SU‐GG‐T‐543: The Effect of Respiratory Motion on the Dose Distribution of Free‐Breathing Stereotactic Body Radiation Therapy for Spinal Tumors

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Purpose: Stereotactic Body Radiation Therapy (SBRT) has been used increasingly for the management of spinal lesions. This study was performed to investigate the effect of respiratory motion on the dose distributions of spine SBRT patients. Method: 4D CT and treatment planning data for thoracic spinal lesions (T5 and T8) in two linac‐based SBRT patients was studied retrospectively. Bony structures of the spine were visually inspected in all 10 phases of the 4D CT images and there was no spinal motion observed. Tumors were contoured by radiation oncologists on the 50% phase of the 4D CT images, which corresponded to end exhalation. A single‐fraction dose of 20Gy and 14Gy was prescribed to CTV20 (gross tumor) and CTV14 (contiguous marrow cavity) respectively. Intensity modulated treatment plans were constructed on the 50% 4DCT phase and copied to all other phases of the 4D data set for comparative dose calculations. The DVHs of CTV20, CTV14, and the spinal cord were compared between actual dose, which is the sum of dose from all phases, and planned dose, which was done on 50% phase of 4D CT images. Results: The impacts of chest wall and diaphragm motion on the dose distribution were analyzed. Treatment plans that incorporated all respiratory phases resulted in improved CTV20 coverage less than 2% but the maximum dose within spinal cord was increased 3∼4%. Conclusion: Respiratory motion has a modest impact on the dose distribution of spine SBRT treatments including a 3–4% increase in cord dose. Motion control methods should be considered to reduce the uncertainties of dose delivery when motion amplitude is large.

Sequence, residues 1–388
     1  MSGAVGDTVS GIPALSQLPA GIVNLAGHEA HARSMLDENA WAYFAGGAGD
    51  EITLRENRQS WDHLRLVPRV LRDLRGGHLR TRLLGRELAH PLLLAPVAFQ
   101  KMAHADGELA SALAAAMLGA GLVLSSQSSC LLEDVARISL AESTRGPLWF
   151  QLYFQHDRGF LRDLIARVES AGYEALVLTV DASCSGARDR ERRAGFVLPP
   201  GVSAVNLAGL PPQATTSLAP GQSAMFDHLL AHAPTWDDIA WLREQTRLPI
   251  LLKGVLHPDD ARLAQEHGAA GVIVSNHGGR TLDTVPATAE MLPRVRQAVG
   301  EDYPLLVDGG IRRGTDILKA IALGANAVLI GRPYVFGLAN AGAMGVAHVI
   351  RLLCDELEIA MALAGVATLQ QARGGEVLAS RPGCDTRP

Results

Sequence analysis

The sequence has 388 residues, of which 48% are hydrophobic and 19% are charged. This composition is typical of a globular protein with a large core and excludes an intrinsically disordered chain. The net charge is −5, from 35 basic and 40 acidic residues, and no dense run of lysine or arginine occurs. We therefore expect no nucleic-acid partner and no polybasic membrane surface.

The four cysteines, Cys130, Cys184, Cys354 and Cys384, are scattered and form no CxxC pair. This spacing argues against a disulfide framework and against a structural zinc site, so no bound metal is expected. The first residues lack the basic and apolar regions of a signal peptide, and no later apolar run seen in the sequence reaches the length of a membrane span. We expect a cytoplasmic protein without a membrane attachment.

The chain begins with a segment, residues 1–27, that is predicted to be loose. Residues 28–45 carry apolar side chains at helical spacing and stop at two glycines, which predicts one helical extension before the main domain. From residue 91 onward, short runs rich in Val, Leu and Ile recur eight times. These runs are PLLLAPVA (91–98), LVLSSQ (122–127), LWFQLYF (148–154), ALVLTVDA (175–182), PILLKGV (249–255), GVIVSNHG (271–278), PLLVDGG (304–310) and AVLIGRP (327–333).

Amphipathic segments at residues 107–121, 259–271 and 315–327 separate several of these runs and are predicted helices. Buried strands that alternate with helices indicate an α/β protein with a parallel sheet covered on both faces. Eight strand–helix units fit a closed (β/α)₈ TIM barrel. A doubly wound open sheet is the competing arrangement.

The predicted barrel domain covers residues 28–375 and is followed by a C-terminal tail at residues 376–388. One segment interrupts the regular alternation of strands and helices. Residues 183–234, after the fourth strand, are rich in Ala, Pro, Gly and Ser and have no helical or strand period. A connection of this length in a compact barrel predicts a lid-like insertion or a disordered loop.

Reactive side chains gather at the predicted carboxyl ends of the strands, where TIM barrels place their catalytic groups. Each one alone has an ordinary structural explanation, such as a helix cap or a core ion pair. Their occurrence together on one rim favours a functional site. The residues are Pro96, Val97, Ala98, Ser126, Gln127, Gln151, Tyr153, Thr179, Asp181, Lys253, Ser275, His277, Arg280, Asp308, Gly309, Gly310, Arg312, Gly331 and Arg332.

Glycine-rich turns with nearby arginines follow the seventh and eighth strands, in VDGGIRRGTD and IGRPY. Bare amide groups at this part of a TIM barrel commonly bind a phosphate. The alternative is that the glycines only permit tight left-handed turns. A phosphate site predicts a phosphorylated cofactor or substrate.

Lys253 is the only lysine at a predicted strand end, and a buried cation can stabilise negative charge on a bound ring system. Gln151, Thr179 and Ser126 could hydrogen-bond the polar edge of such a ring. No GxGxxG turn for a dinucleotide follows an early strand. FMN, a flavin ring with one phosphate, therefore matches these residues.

Original languageEnglish (US)
Pages (from-to)3312
Number of pages1
JournalMedical Physics
Issue number6
StatePublished - 2010


ASJC Scopus subject areas

  • Biophysics
  • Radiology Nuclear Medicine and imaging

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